New York City, NY

The Rise & Tragic Fall of NYC's Frankie Lymon: Book Excerpt

Frank Mastropolo

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Gee Records

African Americans like Chuck Berry, Little Richard and Fats Domino help create rock and roll. A new book, New York Groove: An Inside Look at the Stars, Shows and Songs That Make NYC Rock, profiles musicians who made their mark in Big Apple that include Jimi Hendrix, Curtis Mayfield, Ben E. King, Ronnie Spector and many more.

In this excerpt Frankie Lymon, lead vocalist of the Teenagers and template for stars like Michael Jackson, makes a meteoric rise to the top. His tragic fall happened almost as fast.

Frankie Lymon was born in Harlem in 1942. Lymon's greatest success came at age 13 as one of the Teenagers, a vocal group of five boys, all in their teens. Their debut single, "Why Do Fools Fall in Love," was a Top 10 hit on the Billboard Hot 100 chart in 1956.

"Why Do Fools Fall in Love" by Frankie Lymon and the Teenagers

"I never was a child, although I was billed in every theater and auditorium where I appeared as a child star," Lymon recalled in Ebony in 1967. "I was a man when I was 11 years old, doing everything that most men do. In the neighborhood where I lived, there was no time to be a child. There were five children in my family and my folks had to scuffle to make ends meet. My father was a truck driver and my mother worked as a domestic in white folks' homes. While kids my age were playing stickball and marbles, I was working in the corner grocery store carrying orders to help pay the rent."



In 1954 Lymon joined a local group, the Premiers, who performed at a talent show at Edward W. Stitt Junior High School. The boys would practice on the sidewalks of Edgecombe and Amsterdam Avenues.

"There were five of us and we used to harmonize every night on the street corner until the neighbors would call the cops to run us away. One night, an older guy named Richard Barrett, who sang with an established group called the Valentines, heard us rehearsing in the hallway of an apartment house and asked us if we'd like to come downtown and audition for a small recording company which was just getting started."

When the group, renamed the Teenagers, arrived at Gee Records, they found that more than 60 groups had gotten the same invitation. "We waited from 6 p.m. until 2 in the morning before they finally got around to hearing us. When they told us we had won, we couldn't believe our ears."

The Teenagers recorded "Why Do Fools Fall in Love" in November 1955 at Bell Sound Studios. Within weeks the song became an international hit and the group began a whirlwind tour of the US and Europe.

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The next year the Teenagers toured as part of the Biggest In-Person Show of 1956 sharing the bill with the Platters, the Clovers and the Flamingos. The Teenagers headlined shows at the Apollo Theater, a return for Lymon, who had appeared at one of the Apollo's Amateur Night. Gee released their debut album, The Teenagers Featuring Frankie Lymon, in December 1956.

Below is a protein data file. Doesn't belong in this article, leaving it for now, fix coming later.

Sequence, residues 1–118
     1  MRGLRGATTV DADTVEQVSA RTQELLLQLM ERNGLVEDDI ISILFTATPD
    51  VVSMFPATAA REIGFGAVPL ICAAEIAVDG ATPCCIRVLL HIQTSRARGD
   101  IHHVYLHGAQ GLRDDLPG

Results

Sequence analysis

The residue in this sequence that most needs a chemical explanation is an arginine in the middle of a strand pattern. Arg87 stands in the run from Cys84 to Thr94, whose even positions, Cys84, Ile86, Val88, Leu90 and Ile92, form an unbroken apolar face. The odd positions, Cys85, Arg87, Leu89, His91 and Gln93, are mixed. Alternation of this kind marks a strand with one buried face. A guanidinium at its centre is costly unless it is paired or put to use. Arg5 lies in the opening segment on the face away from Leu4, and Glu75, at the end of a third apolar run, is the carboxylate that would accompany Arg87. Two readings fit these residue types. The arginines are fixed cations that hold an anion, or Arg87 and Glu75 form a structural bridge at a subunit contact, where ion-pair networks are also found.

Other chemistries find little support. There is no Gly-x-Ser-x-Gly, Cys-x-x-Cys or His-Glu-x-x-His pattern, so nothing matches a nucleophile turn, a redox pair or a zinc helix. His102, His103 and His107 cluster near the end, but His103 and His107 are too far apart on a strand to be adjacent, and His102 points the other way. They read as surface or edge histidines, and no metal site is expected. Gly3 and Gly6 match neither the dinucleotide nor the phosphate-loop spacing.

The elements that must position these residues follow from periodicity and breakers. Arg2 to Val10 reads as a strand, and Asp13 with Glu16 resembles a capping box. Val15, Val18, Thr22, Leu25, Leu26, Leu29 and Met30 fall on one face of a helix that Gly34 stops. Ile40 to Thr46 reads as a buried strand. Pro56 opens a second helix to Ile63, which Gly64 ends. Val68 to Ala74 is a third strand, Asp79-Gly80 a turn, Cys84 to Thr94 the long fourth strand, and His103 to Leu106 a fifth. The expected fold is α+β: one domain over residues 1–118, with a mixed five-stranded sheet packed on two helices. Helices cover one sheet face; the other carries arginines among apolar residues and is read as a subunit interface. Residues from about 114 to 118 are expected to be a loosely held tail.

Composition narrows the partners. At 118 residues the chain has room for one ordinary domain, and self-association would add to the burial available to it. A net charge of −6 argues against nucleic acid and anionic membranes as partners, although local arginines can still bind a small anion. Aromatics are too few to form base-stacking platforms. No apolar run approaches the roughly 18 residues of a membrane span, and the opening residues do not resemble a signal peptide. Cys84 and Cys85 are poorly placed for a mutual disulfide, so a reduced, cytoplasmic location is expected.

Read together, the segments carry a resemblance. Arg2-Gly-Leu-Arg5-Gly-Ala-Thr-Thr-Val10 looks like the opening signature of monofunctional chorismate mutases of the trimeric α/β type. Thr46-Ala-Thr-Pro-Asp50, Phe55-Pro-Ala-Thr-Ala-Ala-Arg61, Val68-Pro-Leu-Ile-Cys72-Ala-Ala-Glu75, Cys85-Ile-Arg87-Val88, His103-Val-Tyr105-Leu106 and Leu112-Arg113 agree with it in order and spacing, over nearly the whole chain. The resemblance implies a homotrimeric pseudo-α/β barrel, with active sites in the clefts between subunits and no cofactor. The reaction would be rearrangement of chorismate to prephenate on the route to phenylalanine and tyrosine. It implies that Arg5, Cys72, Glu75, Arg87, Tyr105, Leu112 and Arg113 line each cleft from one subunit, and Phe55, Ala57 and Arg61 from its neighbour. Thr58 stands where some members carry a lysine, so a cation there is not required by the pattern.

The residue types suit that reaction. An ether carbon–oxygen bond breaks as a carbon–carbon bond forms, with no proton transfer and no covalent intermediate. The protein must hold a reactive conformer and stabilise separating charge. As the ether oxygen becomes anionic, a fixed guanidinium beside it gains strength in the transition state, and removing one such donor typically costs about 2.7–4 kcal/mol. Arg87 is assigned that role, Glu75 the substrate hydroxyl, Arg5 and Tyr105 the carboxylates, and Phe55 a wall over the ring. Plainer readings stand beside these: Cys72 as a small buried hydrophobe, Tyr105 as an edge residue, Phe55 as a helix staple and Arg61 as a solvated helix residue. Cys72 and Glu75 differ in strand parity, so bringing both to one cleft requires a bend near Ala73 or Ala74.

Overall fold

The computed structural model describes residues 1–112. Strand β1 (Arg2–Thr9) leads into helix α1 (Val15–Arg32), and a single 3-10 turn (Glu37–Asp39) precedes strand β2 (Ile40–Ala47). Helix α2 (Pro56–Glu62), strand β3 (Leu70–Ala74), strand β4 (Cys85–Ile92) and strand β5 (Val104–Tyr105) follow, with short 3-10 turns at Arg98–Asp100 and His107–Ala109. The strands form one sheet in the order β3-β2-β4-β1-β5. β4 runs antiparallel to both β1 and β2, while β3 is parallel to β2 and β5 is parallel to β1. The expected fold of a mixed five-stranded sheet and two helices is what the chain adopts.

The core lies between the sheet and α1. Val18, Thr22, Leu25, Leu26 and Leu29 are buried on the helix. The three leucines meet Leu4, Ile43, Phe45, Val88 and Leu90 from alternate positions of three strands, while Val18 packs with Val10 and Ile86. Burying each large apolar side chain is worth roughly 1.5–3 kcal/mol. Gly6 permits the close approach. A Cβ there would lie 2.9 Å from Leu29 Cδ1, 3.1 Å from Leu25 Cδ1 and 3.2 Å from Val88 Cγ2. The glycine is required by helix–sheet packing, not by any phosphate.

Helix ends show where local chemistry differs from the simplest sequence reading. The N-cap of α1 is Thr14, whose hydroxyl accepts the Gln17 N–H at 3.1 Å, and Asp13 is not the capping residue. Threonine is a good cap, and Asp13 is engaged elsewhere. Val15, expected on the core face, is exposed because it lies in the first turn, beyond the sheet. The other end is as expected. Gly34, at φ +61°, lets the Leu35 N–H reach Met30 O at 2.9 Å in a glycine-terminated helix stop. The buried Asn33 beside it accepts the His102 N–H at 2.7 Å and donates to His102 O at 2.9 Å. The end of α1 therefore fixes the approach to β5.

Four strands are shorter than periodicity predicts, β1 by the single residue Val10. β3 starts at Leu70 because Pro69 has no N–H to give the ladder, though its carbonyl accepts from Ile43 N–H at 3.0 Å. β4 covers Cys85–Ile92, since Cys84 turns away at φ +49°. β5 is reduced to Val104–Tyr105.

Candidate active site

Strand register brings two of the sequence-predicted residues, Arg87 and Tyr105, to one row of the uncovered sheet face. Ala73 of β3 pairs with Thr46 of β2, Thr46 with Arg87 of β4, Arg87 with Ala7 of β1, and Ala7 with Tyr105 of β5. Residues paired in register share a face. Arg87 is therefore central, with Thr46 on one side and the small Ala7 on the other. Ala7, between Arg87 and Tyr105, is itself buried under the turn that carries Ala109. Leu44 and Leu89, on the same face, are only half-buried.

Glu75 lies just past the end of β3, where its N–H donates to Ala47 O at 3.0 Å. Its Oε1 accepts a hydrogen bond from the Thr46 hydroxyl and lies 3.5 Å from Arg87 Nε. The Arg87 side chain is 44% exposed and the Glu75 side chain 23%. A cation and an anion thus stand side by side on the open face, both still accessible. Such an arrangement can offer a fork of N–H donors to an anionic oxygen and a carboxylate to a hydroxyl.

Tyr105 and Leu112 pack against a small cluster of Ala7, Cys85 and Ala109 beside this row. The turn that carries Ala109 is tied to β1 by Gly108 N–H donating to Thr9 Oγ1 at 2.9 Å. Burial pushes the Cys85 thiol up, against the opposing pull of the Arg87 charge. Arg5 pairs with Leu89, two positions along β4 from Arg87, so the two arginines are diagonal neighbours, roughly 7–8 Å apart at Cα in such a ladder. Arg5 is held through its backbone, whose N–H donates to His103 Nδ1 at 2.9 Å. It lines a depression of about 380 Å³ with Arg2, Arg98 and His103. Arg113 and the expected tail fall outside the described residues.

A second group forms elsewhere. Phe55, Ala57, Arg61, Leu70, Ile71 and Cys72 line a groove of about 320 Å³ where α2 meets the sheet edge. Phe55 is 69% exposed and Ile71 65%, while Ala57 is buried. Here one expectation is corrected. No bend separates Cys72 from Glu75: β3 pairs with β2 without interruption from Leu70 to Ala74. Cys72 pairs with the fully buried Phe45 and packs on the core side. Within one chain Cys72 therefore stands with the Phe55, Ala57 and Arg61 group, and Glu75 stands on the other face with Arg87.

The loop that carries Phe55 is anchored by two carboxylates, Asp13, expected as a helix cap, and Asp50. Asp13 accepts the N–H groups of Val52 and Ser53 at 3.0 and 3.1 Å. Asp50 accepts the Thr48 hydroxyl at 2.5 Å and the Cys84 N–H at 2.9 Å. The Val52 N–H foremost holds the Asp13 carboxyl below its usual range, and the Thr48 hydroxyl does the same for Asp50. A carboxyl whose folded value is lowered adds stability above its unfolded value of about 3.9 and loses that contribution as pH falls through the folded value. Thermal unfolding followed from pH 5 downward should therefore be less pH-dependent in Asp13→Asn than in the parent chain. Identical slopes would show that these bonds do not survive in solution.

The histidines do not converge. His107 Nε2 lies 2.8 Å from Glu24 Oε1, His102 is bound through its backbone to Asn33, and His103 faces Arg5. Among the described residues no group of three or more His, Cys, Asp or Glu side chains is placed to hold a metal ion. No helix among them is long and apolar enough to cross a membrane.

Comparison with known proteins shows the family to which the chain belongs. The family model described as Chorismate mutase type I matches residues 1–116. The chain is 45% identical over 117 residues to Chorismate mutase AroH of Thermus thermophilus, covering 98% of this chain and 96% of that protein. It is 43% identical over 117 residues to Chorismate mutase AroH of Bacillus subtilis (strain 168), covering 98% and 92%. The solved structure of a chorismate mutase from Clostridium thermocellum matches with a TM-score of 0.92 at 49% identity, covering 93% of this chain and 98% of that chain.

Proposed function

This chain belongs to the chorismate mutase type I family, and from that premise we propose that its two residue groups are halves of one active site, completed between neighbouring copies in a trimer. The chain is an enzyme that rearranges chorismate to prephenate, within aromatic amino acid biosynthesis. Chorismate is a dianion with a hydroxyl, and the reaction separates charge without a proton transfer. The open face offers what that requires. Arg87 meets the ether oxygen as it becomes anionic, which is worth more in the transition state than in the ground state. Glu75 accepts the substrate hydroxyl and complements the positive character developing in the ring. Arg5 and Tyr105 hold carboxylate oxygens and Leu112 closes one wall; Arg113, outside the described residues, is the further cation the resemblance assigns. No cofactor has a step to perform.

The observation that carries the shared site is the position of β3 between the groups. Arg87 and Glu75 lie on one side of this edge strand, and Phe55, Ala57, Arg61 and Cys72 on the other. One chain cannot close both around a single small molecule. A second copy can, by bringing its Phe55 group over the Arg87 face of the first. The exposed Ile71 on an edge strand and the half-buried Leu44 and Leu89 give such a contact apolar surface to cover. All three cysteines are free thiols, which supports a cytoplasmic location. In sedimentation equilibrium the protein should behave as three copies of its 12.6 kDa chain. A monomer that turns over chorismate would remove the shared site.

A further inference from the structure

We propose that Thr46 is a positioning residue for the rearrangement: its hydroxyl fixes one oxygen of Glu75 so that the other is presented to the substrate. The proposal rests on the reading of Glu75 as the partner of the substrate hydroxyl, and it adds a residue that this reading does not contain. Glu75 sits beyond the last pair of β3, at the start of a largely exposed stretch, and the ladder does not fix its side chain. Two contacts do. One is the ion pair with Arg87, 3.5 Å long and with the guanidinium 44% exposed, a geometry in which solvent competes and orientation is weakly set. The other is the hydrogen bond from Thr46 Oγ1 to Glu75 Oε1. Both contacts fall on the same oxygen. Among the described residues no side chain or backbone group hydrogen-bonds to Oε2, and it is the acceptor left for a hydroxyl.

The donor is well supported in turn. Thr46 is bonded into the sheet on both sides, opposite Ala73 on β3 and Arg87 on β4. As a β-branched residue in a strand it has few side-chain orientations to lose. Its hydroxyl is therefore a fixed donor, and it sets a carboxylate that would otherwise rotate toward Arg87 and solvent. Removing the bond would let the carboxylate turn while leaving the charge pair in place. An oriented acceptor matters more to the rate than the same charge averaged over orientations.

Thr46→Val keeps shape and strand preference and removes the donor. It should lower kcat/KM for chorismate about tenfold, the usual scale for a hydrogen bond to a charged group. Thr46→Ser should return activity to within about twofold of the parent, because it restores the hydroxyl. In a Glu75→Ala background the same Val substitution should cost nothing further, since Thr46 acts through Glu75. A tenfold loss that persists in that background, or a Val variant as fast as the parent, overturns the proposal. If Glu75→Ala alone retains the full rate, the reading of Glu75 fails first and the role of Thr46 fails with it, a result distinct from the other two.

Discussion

"Our record was making bales of money and every major theater and auditorium in the US and Europe was bidding for us, but we were still considered children, incapable of handling our own earnings," said Lymon. "As a result, three lawyers were hired to handle our money for us and we were given about $40 apiece each week for spending change. The rest went into a trust fund which we were to receive when we reached manhood."

By the spring of 1957, the Teenagers, now managed by Morris Levy, began to complain that Lymon received top billing in theaters and advertising. Levy decided that Lymon would launch a solo career. "At first, it seemed that the idea would really work," said Lymon. "I cut Ella Fitzgerald's old song, 'Goody Goody,' on my own without the group and it sold a million copies. Money was rolling in for a while. But then things began to go wrong. We found that many club and theater owners weren't as willing to pay top dollar for only part of the original group."

Lymon abandoned rock to become a pop singer, recording old standards like "Over the Rainbow" and "As Time Goes By" backed by lush string arrangements. Fans did not buy the change and the Teenagers, with a revolving door of new lead singers, fared just as poorly.

Compounding the problem was Lymon's growing heroin addiction. Lymon told Ebony that he was introduced to heroin at age 15 by a woman more than twice his age. When the hits dried up, Lymon was released from his recording contract in 1961. Lymon had short-term deals with other labels but never had another hit record. On February 27, 1968, Lymon was found dead of a heroin overdose on the floor of his grandmother's Harlem apartment. He was 25 years old.

Frankie Lymon and the Teenagers were inducted into the Rock and Roll Hall of Fame in 1993.

Mastropolo is the author of New York Groove: An Inside Look at the Stars, Shows, and Songs That Make New York Rock.

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Edgar Street Books

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Frank Mastropolo is the author of Fillmore East: The Venue That Changed Rock Music Forever, one of Best Classic Bands' Best Music Books of 2021; New York Groove: An Inside Look at the Stars, Shows, and Songs That Make NYC Rock; the What's Your Rock IQ? Trivia Quiz Book series; Ghost Signs: Clues to Downtown New York's Past, winner of the 2021 Independent Publishers Book Award; and Ghost Signs 2: Clues to Uptown New York's Past. Mastropolo is a journalist, photographer, and former ABC News 20/20 producer, winner of the Alfred I. DuPont–Columbia University silver baton. His photography is featured in the Bill Graham Rock & Roll Revolution exhibition.

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